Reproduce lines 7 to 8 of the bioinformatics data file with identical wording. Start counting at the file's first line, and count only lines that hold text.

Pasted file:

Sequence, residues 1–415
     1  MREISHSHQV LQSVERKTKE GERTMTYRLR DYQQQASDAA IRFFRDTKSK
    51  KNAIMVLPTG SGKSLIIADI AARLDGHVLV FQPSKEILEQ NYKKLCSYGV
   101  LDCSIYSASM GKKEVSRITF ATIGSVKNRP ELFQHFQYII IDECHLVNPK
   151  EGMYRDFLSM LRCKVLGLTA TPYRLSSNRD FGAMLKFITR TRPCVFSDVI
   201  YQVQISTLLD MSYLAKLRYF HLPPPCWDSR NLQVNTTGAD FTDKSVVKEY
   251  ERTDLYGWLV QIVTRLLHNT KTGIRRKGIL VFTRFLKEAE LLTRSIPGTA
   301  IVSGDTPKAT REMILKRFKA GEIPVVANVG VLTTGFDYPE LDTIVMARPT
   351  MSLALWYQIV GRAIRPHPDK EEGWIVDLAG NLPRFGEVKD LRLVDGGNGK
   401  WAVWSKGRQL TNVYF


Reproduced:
   251  ERTDLYGWLV QIVTRLLHNT KTGIRRKGIL VFTRFLKEAE LLTRSIPGTA
   301  IVSGDTPKAT REMILKRFKA GEIPVVANVG VLTTGFDYPE LDTIVMARPT